In the heart of the Rione Trastevere, a short distance from Ponte Cestio and Tiber Island, this tiny church overlooks a small square that preserves suggestions and memories of medieval Rome and whose name probably derives from the plunge-pool (piscinae) of ancient Roman public baths.
According to tradition, the church was built over the ruins of a large house belonging to the noble gens Anicia in 543. The future St. Benedictus was allegedly a member of this noble family and stayed in this house before going to Subiaco and then to Montecassino. The first documentary reference to the church is actually from the late 12th century, although parts of the fabric and capitals suggest the existence of an earlier building. The beautiful porphyry and serpentine Cosmatesque floor was executed in the 12th century: it is one of the many treasures of the church that testify to its importance in medieval Rome. Also dating from the same period is the characteristic Romanesque bell tower: decorated with tiny mullioned windows supported by a small column and marble fragments of different shapes and colors, it is the smallest bell tower in the city and preserves the oldest bell in Rome, dated 1069 and with a diameter of just 45 cm.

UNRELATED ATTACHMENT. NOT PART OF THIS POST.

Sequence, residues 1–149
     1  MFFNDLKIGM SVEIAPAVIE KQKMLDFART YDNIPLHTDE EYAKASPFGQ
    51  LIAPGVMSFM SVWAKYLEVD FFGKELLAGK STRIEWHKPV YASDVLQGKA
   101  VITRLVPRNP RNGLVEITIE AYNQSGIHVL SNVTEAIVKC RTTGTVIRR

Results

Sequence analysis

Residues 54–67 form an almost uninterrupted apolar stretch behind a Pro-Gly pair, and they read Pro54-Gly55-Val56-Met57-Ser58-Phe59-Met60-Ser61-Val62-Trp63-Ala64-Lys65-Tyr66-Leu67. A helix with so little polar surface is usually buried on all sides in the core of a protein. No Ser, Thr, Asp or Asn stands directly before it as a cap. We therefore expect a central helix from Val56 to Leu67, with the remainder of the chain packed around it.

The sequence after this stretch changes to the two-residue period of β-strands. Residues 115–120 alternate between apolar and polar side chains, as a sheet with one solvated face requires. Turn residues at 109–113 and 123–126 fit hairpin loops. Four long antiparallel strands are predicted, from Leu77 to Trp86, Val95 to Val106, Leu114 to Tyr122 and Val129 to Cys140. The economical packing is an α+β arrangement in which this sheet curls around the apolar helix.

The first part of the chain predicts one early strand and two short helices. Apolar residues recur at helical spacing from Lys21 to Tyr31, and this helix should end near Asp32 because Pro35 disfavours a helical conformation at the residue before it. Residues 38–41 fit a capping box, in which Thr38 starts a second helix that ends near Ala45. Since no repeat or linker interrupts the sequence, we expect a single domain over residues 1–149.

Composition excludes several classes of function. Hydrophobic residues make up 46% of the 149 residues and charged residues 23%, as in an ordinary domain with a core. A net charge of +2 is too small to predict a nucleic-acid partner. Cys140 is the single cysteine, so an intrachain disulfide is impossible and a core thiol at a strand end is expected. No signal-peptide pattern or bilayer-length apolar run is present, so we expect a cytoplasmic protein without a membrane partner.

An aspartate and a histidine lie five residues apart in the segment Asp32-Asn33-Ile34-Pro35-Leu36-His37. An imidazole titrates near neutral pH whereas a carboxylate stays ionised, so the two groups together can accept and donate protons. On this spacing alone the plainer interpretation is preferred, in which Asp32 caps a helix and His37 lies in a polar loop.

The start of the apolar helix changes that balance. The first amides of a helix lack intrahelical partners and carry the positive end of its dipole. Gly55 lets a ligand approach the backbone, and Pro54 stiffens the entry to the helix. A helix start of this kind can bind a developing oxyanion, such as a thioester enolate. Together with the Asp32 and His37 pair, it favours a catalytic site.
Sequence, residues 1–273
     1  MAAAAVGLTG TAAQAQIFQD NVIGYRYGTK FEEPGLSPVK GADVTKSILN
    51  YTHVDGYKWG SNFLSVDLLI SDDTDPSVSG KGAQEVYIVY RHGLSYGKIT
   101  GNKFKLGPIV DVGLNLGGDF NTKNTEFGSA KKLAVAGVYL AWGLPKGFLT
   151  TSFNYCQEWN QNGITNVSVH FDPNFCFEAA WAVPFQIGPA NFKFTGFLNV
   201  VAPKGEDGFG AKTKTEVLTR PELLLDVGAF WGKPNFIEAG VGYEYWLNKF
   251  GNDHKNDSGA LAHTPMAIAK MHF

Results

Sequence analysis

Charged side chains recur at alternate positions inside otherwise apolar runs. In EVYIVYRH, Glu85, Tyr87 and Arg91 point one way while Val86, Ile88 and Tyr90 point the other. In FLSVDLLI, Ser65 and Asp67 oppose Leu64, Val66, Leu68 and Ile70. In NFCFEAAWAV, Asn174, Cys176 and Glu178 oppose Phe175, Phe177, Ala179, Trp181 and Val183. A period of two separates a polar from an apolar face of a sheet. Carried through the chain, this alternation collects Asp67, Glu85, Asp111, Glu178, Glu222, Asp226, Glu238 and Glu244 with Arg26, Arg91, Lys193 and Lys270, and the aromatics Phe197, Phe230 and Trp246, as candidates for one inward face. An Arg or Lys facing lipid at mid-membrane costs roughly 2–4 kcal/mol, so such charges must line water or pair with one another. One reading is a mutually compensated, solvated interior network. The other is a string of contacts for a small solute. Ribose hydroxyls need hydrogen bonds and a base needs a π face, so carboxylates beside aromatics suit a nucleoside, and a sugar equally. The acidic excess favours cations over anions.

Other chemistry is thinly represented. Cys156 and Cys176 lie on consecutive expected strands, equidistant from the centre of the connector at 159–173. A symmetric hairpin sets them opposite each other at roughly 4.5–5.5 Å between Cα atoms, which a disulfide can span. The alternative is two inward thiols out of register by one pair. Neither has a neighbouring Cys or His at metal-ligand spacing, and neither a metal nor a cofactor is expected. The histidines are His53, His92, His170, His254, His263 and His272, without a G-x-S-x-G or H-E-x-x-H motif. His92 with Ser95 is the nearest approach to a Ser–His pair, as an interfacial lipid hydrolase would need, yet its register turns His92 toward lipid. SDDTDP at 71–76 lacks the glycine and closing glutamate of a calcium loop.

The façade was first redone in the late 17th century and then restored in 1844 in the Neoclassical style. The intimate and cozy interior has a nave and aisles divided by eight perusal columns with capitals which date from the 1st to the 5th centuries. In the vestibule preceding the entrance, a medieval door decorated with Cipollino columns and Cosmatesque mosaics gives access to a small oratory built around the 13th century. The little chapel has a trapezoidal plan and its vault rests on four columns with capitals thought to be of the 8th century: this is the well-known Chapel of the Virgin, named after the 14th-century painting depicting the “Virgin and Child” on the high altar. From here there is access to a very narrow cell, which tradition indicates as the home and place of penance of the young saint.
For the timetable of the masses and visiting conditions, please consult the contacts.
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